Common wisdom holds that for the Colorado Rockies to excel while playing home games at mile-high Coors Field they have to lead the Major Leagues in runs scored. They have to out-bash every other team and win a bunch of 10-9 games on their way to a 900-run season that eases the impact of a pitching staff full of bloated ERAs. But as of Sunday morning, Colorado is 41-23, with the best record in the National League, and their success has as much to do with pitching and defense as with slugging. Make no mistake, the Rockies can hit. Nolan Arenado is a stud, Charlie Blackmon is having an MVP-caliber season and Mark Reynolds is breaking out at age 33. But thanks to slumps from DJ LeMahieu, Trevor Story, Ian Desmond and Carlos Gonzalez, Colorado does not lead the Majors in runs per game. In fact, the Rockies rank only fourth in that category (behind the Astros, Yankees and Nationals) and are on pace to score only a few more runs than they did in 2016, when they went 75-87. The difference for this Colorado team has been run prevention. Despite playing half their games at altitude, the Rockies have allowed fewer runs per game (4.14) than all but four other teams. If they maintain that rate over a full season, they will give up fewer runs than any Rockies team ever has during a 162-game campaign. That success in keeping opposing lineups at bay begins with an overachieving young starting rotation. 22-year-old rookie Antonio Senzatela has a 3.56 ERA and 4.40 FIP. Another rookie, 24-year-old Kyle Freeland, has a 3.34 ERA and 4.59 FIP. Yet another rookie German Marquez, has a 4.44 ERA and 3.91 FIP. Jeff Hoffman is technically not a rookie, but he is a 24-year-old with a 2.33 ERA and 2.46 FIP.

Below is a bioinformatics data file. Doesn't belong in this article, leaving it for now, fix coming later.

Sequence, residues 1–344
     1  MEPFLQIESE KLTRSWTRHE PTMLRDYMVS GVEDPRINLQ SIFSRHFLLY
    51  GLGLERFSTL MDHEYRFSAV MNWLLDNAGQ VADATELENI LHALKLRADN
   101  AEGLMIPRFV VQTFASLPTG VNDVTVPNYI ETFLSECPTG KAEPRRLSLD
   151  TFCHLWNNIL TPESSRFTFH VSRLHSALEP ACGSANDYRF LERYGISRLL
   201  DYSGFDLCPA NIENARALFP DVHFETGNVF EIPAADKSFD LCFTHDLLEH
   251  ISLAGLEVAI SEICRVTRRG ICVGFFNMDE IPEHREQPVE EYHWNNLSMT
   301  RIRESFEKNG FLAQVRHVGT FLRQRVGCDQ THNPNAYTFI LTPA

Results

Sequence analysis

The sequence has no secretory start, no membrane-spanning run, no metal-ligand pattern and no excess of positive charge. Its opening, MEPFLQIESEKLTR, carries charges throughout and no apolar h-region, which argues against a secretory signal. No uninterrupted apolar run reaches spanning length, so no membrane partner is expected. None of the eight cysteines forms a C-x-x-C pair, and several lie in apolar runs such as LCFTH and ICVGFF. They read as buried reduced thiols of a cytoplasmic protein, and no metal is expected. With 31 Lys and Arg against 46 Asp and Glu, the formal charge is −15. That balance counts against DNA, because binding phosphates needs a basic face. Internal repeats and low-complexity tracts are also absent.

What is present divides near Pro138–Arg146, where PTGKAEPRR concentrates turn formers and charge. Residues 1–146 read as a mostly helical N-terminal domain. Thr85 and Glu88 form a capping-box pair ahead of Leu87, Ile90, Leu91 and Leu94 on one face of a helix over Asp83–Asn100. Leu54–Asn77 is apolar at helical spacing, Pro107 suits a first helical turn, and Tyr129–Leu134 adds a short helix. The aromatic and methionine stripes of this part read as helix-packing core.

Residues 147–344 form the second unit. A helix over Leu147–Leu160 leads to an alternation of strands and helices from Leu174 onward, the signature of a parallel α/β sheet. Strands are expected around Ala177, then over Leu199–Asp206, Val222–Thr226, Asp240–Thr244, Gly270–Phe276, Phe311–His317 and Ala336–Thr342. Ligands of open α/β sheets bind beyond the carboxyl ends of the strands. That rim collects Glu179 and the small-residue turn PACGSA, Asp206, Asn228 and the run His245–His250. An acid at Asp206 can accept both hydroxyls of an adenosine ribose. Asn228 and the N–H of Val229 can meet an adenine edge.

The Colorado Rockies have figured out pitching and defense, and it has them in first place
The Comeback | Jun 12